In the early part of this century, the United States was almost the only nation that claimed for individuals the right of expatriation without the consent of the government of which they were citizens or subjects. The European nations, as a rule, maintained that the permission of the sovereign was necessary; and the enforcement by England of this claim was one of the causes of the War of 1812. Fortunately England did not carry into practice the theoretical extreme of her doctrine, which would have permitted her to hang as traitors all prisoners captured in that war who had once been British subjects. It must be said, however, that notwithstanding the position of the United States in regard to citizens or subjects of foreign powers, the right of voluntary renunciation of allegiance to the United States by one of our citizens was unsettled, so far as legislation was concerned, until the Act of Congress of July 27, 1868, asserted that expatriation" is a natural and inherent right of all people,” but the action of the Department of State had previously seemed practically to admit the right. As far as foreign states are concerned, however, the United States has steadily maintained its original position. The first formal recognition of its claims was secured in an expatriation treaty with the North German Confederation, signed February 22, 1868. England first recognized the right of voluntary expatriation by act of parliament in 1870, and immediately concluded an expatriation treaty with the United States. All the leading nations of Europe now recognize the right, including besides those just mentioned, France, Austria, Russia, Italy and Spain. (See Naturalization.)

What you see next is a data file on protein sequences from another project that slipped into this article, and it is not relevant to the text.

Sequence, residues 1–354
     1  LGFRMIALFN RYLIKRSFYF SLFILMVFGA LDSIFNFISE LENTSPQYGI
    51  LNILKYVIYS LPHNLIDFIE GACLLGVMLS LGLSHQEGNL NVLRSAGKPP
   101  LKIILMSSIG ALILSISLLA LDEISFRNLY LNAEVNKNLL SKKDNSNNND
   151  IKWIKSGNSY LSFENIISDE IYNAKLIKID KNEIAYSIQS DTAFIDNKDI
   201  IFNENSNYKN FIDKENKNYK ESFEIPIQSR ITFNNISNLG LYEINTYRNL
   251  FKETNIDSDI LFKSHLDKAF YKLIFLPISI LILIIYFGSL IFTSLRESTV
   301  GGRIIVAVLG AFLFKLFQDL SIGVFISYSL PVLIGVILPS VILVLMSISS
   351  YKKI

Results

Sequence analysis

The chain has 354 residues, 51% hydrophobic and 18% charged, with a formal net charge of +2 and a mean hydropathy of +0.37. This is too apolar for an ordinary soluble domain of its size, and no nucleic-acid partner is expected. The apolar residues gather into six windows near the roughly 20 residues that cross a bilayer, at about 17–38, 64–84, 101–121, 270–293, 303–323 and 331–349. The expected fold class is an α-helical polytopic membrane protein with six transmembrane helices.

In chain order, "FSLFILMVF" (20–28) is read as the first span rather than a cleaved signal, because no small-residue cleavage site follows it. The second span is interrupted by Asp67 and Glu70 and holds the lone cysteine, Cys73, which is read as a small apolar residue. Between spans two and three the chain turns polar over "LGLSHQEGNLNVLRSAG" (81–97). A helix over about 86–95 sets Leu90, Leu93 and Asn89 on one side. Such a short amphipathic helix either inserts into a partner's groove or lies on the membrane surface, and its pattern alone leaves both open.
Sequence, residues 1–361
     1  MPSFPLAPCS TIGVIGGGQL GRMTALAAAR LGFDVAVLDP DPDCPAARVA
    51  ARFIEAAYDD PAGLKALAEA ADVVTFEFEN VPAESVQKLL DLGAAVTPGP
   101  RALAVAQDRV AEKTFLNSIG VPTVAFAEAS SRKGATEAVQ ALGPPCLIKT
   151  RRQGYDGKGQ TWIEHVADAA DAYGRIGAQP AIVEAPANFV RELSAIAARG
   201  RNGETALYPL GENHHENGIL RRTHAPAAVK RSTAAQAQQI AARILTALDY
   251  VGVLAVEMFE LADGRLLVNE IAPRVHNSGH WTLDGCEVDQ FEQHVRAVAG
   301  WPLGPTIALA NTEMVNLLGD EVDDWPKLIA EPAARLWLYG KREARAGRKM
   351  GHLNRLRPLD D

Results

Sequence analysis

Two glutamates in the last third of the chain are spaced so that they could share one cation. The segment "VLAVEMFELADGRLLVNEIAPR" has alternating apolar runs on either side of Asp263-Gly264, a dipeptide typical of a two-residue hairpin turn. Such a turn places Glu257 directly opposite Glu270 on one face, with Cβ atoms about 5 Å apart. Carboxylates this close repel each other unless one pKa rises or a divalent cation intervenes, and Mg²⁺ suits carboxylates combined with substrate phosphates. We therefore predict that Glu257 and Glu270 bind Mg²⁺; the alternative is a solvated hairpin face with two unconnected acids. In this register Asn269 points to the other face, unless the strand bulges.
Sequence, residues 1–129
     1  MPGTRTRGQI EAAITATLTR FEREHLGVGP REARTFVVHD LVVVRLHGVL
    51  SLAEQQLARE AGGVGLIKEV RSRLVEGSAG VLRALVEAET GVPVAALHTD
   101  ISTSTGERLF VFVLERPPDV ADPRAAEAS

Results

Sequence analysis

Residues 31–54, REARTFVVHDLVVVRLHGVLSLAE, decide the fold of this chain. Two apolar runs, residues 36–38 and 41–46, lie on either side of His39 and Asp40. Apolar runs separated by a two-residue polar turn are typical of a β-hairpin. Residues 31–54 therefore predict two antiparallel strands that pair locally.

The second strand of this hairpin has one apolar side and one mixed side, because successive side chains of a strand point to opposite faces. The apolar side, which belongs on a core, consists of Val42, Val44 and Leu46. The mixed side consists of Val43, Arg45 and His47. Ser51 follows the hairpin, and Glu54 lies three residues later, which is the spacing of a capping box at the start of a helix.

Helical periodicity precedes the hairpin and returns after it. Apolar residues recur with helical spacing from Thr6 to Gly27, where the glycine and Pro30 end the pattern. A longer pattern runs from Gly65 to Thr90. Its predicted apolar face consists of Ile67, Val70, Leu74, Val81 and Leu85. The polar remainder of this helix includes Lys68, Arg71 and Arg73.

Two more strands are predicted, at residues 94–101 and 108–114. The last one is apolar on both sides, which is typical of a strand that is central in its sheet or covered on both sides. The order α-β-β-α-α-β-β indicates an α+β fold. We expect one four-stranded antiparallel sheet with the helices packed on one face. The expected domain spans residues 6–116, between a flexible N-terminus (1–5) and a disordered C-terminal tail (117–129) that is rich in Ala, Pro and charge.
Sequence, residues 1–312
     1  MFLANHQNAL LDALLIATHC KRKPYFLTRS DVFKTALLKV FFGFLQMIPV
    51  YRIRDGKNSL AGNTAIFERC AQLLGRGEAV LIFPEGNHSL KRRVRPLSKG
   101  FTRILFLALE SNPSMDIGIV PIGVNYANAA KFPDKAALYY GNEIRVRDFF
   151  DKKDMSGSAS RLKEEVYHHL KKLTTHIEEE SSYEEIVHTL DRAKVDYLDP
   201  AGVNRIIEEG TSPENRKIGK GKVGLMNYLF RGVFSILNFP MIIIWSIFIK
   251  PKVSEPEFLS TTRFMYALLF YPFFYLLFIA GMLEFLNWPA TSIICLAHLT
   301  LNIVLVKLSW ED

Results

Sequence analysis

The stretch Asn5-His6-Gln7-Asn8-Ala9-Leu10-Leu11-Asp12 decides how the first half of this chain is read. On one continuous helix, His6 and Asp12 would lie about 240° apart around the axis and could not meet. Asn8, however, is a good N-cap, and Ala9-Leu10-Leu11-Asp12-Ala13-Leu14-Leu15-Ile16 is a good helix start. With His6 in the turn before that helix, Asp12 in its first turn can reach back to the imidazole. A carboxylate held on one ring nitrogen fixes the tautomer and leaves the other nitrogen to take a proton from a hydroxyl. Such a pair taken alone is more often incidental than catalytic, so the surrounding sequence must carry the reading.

Expenditures and Receipts of the United States. Besides the annual expenditure of the government as given under the heading Appropriations, there are permanent annual appropriations,” which cause expenditure by reason of provisions in existing laws involving outlays which thus need no especial appropriations. These are: 1. Specific, including (a) cost of collection of customs revenue, $5,500,000; (6)

arming and equiping the militia of the United States, $200,000; (c) interest at six per cent. to the Smithsonian Institute on the bequest held by the government for it, $39,000 per annum; and 2. Indefinite, including interest on the public debt, amount required for sinking fund, and numerous similar requirements. The total receipts of the United States from the beginning of the government to the present time, 1892, exclusive of loans, have been $11,862,357,521, while the expenditures for the same period have been $12,562,064,702. From 1866 to 1891, the receipts were sufficiently in excess of the expenditures for the accumulation of a surplus of about $115,000,000. (See Surplus.) By the passage of additional pension bills, since the latter date, however, the expenditures of the government are now materially in excess of the revenue.

Explorations and Important Events.—On the 3d of August, 1492, a little before sunrise, Christopher Columbus set sail from the port of Palos, in Spain, under the patronage of Queen Isabella, to discover a western passage to the Indies, and any lands that might intervene on the way. On the 13th of October, the same year, about two hours before midnight, a light was discovered. Morning came, and an island appeared in view. It was named San Salvador. Thus was the New World discovered.